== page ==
The prelude to Hanukka–from Egypt!

Hellenization could not save the Jews, it had to be the revolt and its aftermath, which we celebrate on Hanukka.

Knesset Menorah (photo credit: Courtesy Bank of Israel)
Knesset Menorah
(photo credit: Courtesy Bank of Israel)
The date is the year 188 in the Seleucid Calendar, which is 124 BCE in ours. It refers to a letter from the Jews of Jerusalem to their brothers in Egypt, telling them to celebrate Hanukka, and it heads the Second Book of Maccabees.
But the story it tells is quite different from that in the First Book, and at the beginning it says that it is based on a longer account given in five books by Jason of Cyrene, a city in Libya with a large Jewish population, west of Alexandria.
Scholars think that the Second Book stems from Alexandria, in Egypt, whose Jewish population filled a quarter of the city, and that the précis made of Jason’s five books gives us a version that was written in Greek, only 40 years after the event, and originated from Alexandria in Egypt.
This is how it goes: The Greek Seleucids captured the Land of Israel from the Egyptian Ptolemies in 198 BCE at the battle of Banias, in the north of Israel, and spread their Hellenistic culture throughout the land. The top population welcomed it and the legitimate ruling High Priest, Onias (Hebrew Xonia) was supplanted by his younger brother Jason (Joshua) who wanted to modernize to the new fashion.
When the new emperor, Antiochus IV Epiphanes, came to the throne, Jason offered him a bribe of 360 silver talents to become High Priest, and Antiochus, who knew nothing of Jewish politics, confirmed him. Jason also offered to build a stadium and a gymnasium-school in Jerusalem and to call the city Antioch-at-Jerusalem.
All this was welcome to the emperor; to have another city named after himself and to have facilities that would entertain his retired soldiers, whom he could now settle there. Jerusalem became a Greek city, or Polis, and this was welcomed by the population, that could now retain their taxes for local use and have their children educated in the latest Greek fashion. And Jason saw to it that the traditional Jewish laws stayed in place.
But the young priests of the Temple forsook their duties and ran to the gymnasium to become ephebes, young Greek gentleman-soldiers, and even reversed their circumcision so as not to appear too Jewish when exercising in the nude. Other matters remained as before, the Jewish laws were not curtailed and Jerusalem had the best of both worlds.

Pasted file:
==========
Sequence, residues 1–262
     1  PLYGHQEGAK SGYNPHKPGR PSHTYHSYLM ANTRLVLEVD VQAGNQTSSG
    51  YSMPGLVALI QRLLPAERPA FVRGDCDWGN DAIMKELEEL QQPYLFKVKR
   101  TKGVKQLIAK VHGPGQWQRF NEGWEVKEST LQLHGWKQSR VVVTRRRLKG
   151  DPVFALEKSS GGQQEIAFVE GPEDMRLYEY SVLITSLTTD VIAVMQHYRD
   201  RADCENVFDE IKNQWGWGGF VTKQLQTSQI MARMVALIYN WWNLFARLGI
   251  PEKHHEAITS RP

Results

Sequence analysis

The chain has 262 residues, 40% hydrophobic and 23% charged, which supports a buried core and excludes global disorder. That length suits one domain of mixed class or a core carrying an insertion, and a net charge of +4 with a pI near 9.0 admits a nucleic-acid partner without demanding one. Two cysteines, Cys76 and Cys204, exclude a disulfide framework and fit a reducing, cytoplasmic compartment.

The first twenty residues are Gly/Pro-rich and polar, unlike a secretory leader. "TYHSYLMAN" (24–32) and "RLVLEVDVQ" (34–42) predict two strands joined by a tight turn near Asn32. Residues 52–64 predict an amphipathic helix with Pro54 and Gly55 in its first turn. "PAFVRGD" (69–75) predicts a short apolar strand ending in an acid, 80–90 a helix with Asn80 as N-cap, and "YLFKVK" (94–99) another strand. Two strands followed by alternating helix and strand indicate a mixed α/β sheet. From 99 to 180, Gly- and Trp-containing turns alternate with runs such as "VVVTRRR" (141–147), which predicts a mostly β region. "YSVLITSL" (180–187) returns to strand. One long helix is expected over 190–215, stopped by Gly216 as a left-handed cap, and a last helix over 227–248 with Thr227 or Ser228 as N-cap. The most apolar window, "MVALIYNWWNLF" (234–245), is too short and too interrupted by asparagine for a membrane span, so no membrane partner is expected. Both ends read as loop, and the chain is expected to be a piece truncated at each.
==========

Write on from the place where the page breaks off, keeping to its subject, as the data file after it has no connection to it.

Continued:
The villagers of Judaea, however, living around Jerusalem, saw none of the advantages and stuck rigidly to their traditional ways and culture.
In Jerusalem the new order did not last. When Jason sent his deputy Menelaus (Menashe) to take the taxes and his bribe to Antiochus Epiphanes, Menelaus assumed proud airs to indicate that he was really the one in charge in Jerusalem.
He offered greater bribes to the emperor, who readily agreed that he should be High Priest and replace his superior. Menelaus went back to Jerusalem with an armed guard and Jason had to flee to the estate of his Tobiad relatives in Transjordan.
It should be remembered that the position of High Priest was the only major post allowed to the Jews, as the overall secular administration was in the hands of the Seleucid authorities, as it had been with the Persian satraps before them. So the High Priest was the sole Jewish representative to the government, and he assumed both secular and religious control over the Jews.
The position was both powerful and lucrative.
When it came to the crunch, Menelaus was unable to raise the money to pay his bribe to the emperor, so he raided the Temple and sold off the gold vessels to Tyre, where they minted gold coins with it.
This dastardly deed came to the notice of the former legitimate High Priest Onias, who sped off to Antioch to report the crime to the emperor. Menelaus countered by bribing and sending his colleague, the regent Andronicus, after him, but he could not touch Onias, who was waiting in the sanctuary of Daphne.
Andronicus invited Onias to come and meet him, so he could arrange an interview for him with the emperor. Onias fell for it, he came out and Andronicus murdered him. It came to the ears of Antiochus, who was appalled and had Andronicus tried and killed, but Menelaus remained safe in office in Jerusalem, where he had replaced the golden vessels with brass.